The proceedings in the lawsuit filed by former Head Coach against his former employer, the , are focusing on computer analysis and a restrictive employment clause.
On Thursday evening, Wagner was to turn over his personal computer for a forensics analysis. Wagner already provided two computer flash drives for evaluation of materials on them. The request for the computer analysis came from the Condors.
Former Condors President and team founder Robert Carlucci, who is named in the lawsuit, said Wagner went to the New City club office on April 8, searched for Outlook files and “found an archived Outlook file of mine.”
“He wound up downloading it,” said Carlucci, who explained he retired from the team three and a half years ago. “We have irrefutable proof.”
Wagner’s attorney, Donald Sapir of White Plains, said the analysis would determine if the emails on the computer were protected. He said the Condors Club computer required a password but once logged on, users had access to anything on the computer. Sapir said Wagner primarily used the computer but other swim club employees utilized it as well.
“It wasn’t safeguarded in any way,” said Sapir. “I don’t think the password was something that was all that confidential.”
Carlucci, whose insurance company operates out of the same office as the Condors, claimed the downloaded file contained company employee information, confidential employee health information and emails from the Clarkstown School Board of which he is a member.
Sapir said he has been in contact the school board’s attorney. Following its April 19 executive session, the school board voted in public session to direct its attorney to take action on a legal matter, which Board President Doug Katz said he could not specify. The board again went into executive session on Tuesday, April 24 so Kevin Grogan who had been absent from the April 19th meeting could be updated about what had been discussed.
“There were 10,000 emails,” stated Carlucci. “It took him at least 15 minutes to copy that file and he knew that wasn’t his.”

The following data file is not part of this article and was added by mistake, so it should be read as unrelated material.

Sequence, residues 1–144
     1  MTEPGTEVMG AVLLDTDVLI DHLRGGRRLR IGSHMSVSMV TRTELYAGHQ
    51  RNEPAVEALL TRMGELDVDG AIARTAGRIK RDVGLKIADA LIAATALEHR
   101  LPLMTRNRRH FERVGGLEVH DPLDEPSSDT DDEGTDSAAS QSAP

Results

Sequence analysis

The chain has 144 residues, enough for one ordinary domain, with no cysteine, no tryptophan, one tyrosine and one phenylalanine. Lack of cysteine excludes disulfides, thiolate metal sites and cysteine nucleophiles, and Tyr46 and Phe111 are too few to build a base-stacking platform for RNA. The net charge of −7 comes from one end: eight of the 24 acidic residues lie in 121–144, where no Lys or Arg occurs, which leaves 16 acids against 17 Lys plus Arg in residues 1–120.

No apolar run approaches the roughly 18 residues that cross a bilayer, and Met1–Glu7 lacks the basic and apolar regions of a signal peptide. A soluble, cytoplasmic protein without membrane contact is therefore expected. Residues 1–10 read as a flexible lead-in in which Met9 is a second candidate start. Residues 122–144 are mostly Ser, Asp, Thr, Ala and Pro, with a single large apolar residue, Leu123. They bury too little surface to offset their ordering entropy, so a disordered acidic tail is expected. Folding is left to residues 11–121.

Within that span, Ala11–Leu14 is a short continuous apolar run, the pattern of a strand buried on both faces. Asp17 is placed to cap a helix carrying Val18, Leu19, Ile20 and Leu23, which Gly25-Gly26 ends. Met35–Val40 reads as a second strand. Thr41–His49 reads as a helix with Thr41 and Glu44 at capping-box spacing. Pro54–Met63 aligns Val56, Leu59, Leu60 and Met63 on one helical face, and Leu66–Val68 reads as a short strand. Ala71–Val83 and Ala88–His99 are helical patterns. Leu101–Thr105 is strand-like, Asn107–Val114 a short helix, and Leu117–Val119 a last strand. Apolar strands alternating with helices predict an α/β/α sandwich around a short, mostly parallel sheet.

Carlucci said the incident occurred the day before Wagner was to have a review of his four-year contract with the swim team. After 30 years of being head coach, Carlucci retired when Wagner was hired. His son, J.P. Carlucci, is currently president of the team and was also named in the lawsuit. Wagner was fired on April 13.
A preliminary hearing on Tuesday dealt with a restrictive clause in Wagner’s contract that prohibited him from coaching swimming within 50 miles of the Condors’ office and in any of the New York and New Jersey counties where Condors’ members come from or the team does business.
“The application for the injunction was denied,” said Sapir. “The next step is the judge will hold a hearing on the preliminary injunction May 3. There’s no restriction on any coaching or instruction given by him.”
Wagner joined the New York Sharks as co-head coach. The announcement of his hiring came on April 17. Several families followed Wagner to that team and one provided an explanation for leaving the Condors.
“The real reason was I was so disgusted with how it was handled,” said the parent. “Nobody thought about the kids. The second reason, I knew it would become toxic at the Condors pool. I wanted Coach Wagner to coach my kids.”
Carlucci acknowledged families began asking about Wagner’s future with the team several weeks earlier and they were told they would be meeting after the winter season. Team families submitted a petition to the Carluccis with 160 names supporting Wagner.
“In February there were rumors already that the coach was going to be terminated or demoted,” said a parent.
Parents also asked the Carluccis for a meeting but according to one individual the request was not granted and the Carluccis refused to talk about it. Even though parents said Robert Carlucci’s name has appeared on swim meet documents within the past year, he said he retired in 2008 from coaching.
“I’m not the coach,” said Carlucci. “You can ask the kids. I’m never there. The reality is I’m not there anymore. I’m not coaching there.”